In the event of. . . .[a] pandemic, Covid-19 or any unforeseen reason pertaining to force majeure, should Around Town Entertainment be unable to fulfill their obligation of performing on the date or the client cannot have the event for any of the same above force majeure reasons only, then client will have option to select a new date to commence within 12 months. . . . Should there be any postponement and/or cancellation of the above new date, the client will still be fully obligated to all contract payments and client agrees to make all payments as scheduled for 2021. . . . In case of another postponement or any cancellation, client is not guaranteed a Saturday and will still be fully obligated to the contract even if a Saturday option is not available. Client cannot cancel contract for any reason including but not limited to force majeure, frustration of purpose/inability to perform or financial hardship. Client understands and agrees to no refunds for any reason even in the case of force majeure.

Greenberg testified he understood that the Gallaghers cancelled when he did not receive any further payment. Stated that communication ended between the parties when both sides invoked that their attorneys would handle any future claim. And testified that the force majeure clause did not apply, in any event, because there was no force majeure event.

Greenberg also called Alyssa Gallagher who testified that she signed the contract on her own free will and understood that the document was legally binding. And stated that prior to cancelling the contract she wanted to explore rescheduling the wedding but, ultimately, opted to have a smaller affair, in Mexico, with no reception.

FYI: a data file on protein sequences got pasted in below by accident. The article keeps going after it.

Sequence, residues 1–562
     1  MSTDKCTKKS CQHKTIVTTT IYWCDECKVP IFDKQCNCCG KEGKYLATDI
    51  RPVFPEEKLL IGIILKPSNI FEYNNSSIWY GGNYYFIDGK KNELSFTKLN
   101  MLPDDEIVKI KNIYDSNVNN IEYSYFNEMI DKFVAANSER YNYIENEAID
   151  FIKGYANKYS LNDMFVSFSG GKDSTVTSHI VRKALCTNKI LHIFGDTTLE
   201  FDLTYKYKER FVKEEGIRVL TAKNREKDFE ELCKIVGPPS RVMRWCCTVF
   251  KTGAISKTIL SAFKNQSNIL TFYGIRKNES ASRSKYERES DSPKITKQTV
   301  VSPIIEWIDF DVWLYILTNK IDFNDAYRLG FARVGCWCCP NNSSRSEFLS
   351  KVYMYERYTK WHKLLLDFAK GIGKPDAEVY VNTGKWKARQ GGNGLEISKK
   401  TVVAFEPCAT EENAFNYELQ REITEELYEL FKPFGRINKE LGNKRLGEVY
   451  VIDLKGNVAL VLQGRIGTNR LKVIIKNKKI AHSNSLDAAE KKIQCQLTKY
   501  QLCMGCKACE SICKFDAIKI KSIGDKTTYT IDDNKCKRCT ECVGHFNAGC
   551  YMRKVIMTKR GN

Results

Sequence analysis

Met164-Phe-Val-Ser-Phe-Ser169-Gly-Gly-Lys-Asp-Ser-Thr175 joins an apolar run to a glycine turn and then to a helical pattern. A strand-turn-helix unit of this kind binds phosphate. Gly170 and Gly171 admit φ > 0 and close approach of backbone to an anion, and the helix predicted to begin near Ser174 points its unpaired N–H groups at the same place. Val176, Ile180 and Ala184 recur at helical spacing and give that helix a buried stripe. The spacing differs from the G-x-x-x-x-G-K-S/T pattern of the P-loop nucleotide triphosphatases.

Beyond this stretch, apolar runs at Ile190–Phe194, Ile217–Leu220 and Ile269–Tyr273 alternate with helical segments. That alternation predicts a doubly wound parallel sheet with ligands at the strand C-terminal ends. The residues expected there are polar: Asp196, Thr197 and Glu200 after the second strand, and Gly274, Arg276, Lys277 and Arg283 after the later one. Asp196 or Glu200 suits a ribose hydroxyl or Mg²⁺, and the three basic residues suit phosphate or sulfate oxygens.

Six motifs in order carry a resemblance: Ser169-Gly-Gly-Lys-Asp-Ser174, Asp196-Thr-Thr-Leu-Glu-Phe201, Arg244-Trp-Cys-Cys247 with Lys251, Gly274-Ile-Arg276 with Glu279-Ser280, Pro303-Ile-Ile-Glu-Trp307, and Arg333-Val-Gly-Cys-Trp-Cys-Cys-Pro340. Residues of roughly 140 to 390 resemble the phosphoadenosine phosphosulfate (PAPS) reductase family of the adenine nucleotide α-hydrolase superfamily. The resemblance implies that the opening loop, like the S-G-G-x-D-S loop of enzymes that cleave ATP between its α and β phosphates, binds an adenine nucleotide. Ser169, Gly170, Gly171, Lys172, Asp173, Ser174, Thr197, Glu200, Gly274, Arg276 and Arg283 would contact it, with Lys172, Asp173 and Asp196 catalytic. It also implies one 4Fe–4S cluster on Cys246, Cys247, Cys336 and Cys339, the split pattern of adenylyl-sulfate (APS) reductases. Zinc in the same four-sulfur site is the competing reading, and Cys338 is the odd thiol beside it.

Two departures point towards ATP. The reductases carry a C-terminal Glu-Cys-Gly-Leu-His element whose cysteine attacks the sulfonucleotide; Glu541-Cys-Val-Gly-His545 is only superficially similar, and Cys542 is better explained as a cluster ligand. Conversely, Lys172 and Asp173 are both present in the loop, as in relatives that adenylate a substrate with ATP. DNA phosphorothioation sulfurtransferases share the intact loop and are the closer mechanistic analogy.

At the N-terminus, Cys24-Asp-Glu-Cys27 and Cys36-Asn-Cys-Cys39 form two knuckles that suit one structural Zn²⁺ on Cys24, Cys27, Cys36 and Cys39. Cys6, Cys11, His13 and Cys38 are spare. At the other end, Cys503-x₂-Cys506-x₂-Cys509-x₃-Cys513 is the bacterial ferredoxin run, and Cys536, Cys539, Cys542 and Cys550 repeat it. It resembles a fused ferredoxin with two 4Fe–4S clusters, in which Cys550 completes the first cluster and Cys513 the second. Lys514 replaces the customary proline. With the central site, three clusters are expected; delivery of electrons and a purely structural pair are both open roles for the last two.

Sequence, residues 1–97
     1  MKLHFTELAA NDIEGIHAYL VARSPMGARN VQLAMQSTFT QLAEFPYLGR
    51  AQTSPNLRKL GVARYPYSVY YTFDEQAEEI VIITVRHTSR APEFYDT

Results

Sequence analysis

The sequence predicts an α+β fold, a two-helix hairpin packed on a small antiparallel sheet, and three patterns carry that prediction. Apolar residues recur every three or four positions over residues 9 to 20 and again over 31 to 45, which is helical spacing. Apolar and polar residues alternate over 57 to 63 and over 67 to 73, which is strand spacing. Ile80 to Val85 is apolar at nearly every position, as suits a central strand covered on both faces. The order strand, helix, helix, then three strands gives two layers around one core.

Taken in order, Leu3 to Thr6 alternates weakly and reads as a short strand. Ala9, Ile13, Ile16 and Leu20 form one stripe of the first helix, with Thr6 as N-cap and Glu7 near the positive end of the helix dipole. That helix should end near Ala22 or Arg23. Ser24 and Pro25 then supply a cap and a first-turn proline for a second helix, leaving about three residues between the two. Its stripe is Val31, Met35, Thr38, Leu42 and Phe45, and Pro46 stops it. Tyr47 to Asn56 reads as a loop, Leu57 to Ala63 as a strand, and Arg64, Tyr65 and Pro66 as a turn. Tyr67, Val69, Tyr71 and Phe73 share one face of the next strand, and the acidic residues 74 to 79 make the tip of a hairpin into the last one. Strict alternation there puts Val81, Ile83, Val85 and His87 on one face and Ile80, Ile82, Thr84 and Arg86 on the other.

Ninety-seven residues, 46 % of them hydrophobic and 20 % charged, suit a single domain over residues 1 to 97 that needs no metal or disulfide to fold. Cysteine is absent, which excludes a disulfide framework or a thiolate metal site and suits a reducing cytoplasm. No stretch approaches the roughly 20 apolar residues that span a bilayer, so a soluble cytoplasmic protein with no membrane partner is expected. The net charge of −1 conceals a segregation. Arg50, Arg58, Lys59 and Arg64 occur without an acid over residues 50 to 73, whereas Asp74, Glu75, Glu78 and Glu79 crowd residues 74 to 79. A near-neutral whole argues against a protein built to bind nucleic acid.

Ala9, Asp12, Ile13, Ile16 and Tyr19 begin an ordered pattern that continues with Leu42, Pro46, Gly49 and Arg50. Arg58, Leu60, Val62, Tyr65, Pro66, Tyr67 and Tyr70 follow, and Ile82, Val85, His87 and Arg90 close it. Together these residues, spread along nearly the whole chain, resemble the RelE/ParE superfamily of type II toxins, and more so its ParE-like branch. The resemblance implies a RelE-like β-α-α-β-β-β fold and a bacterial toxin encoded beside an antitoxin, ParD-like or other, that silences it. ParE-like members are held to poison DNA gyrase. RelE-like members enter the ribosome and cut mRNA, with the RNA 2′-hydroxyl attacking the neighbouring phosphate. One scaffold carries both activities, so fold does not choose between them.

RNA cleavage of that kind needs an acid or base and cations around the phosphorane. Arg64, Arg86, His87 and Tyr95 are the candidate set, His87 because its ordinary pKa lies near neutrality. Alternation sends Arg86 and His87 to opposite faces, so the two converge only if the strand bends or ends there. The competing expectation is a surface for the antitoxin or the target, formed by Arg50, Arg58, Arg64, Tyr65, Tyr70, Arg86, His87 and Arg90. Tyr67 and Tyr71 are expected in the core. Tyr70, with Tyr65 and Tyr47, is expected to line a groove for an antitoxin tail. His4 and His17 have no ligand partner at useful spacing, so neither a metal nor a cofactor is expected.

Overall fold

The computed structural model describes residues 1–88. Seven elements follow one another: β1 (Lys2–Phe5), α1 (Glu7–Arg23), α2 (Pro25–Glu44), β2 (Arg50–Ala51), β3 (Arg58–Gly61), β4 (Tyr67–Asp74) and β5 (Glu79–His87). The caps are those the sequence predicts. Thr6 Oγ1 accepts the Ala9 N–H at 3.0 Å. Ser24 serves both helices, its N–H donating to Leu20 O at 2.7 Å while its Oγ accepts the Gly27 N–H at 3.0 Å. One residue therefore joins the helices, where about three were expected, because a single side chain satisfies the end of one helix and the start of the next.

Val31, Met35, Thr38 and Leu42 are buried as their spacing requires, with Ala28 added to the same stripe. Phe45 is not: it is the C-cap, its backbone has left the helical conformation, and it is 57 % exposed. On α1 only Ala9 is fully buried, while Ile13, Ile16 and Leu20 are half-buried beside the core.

John and Diane Gallagher testified on their case-in-chief. John testified that their family was precluded from the wedding event they wanted because the State of Connecticut only permitted 100 people in attendance at an indoor wedding venue as of September 2020, and the Gallaghers’ contract negotiated with the Lawn Club guaranteed 110 guests. The Gallaghers wanted 186 guests, but expected that only 130 people could attend. Given that the wedding would exceed the rules promulgated by the State of Connecticut, Gallagher testified that they could not go forward with the wedding.

Diane Gallagher testified that at some point it became clear that the groom’s family, who lived out of the country could not travel to the United States for the wedding, due to restrictions on travel caused by the Covid-19 pandemic. Therefore, she discussed with Greenberg the possibility of cancelling the contract. Testified that Greenberg became irate and “abrasive” and aggressively demanded further payments or threatened litigation. She further testified that the parties discussed holding an event during a weekday in an off-peak month. After the conversations, Gallagher testified that she was “overwhelmed” and “bullied.” On cross examination, she testified that after the “abrasive” phone call, she no longer wanted to work with Greenberg..

In a breach of contract claim, plaintiff must establish (1) the existence of a contract; (2) the party’s own performance under the contract; (3) the other party’s breach of the contract; and (4) resulting damages. It is the court’s responsibility to examine the contract to determine if it’s language is unambiguous. The court must determine whether the language it uses has a definite and precise meaning, unattended by danger of misconception in the purport of the agreement itself, and concerning which there is no reasonable basis for a difference of opinion. Where there is an unambiguous written agreement, courts must enforce the plain meaning of the agreement by its terms without creating ambiguities not present in the document itself. The best evidence of what parties to a written agreement intended is what they said in their writing. If the agreement on its face is reasonably susceptible of only one meaning, a court is not free to alter the contract to reflect its personal notions of fairness and equity.